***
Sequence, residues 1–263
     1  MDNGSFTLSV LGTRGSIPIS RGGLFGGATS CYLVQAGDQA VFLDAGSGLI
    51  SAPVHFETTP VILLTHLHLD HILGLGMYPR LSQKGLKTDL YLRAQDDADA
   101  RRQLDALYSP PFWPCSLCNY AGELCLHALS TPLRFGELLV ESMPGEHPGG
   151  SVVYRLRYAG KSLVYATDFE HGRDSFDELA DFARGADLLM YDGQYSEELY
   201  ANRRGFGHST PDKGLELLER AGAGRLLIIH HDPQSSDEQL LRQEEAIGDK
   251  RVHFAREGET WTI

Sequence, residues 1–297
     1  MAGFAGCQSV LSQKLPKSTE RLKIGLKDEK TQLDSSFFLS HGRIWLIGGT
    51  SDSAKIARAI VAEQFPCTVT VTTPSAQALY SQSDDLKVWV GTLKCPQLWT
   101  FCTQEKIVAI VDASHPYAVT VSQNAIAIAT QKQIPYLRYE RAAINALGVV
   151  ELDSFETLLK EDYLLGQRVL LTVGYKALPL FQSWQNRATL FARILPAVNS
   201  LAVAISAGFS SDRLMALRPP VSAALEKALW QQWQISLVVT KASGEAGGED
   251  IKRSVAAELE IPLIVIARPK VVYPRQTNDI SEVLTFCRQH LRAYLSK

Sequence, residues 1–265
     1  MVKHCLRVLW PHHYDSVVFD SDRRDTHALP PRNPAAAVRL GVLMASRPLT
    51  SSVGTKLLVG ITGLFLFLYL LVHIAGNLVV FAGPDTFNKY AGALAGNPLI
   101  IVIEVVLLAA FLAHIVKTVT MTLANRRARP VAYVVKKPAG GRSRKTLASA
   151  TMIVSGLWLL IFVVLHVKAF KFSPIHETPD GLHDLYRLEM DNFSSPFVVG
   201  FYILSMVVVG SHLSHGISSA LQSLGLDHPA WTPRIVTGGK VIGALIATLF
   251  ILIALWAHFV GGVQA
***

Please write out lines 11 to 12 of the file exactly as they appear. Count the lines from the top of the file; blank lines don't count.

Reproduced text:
   101  FCTQEKIVAI VDASHPYAVT VSQNAIAIAT QKQIPYLRYE RAAINALGVV
   151  ELDSFETLLK EDYLLGQRVL LTVGYKALPL FQSWQNRATL FARILPAVNS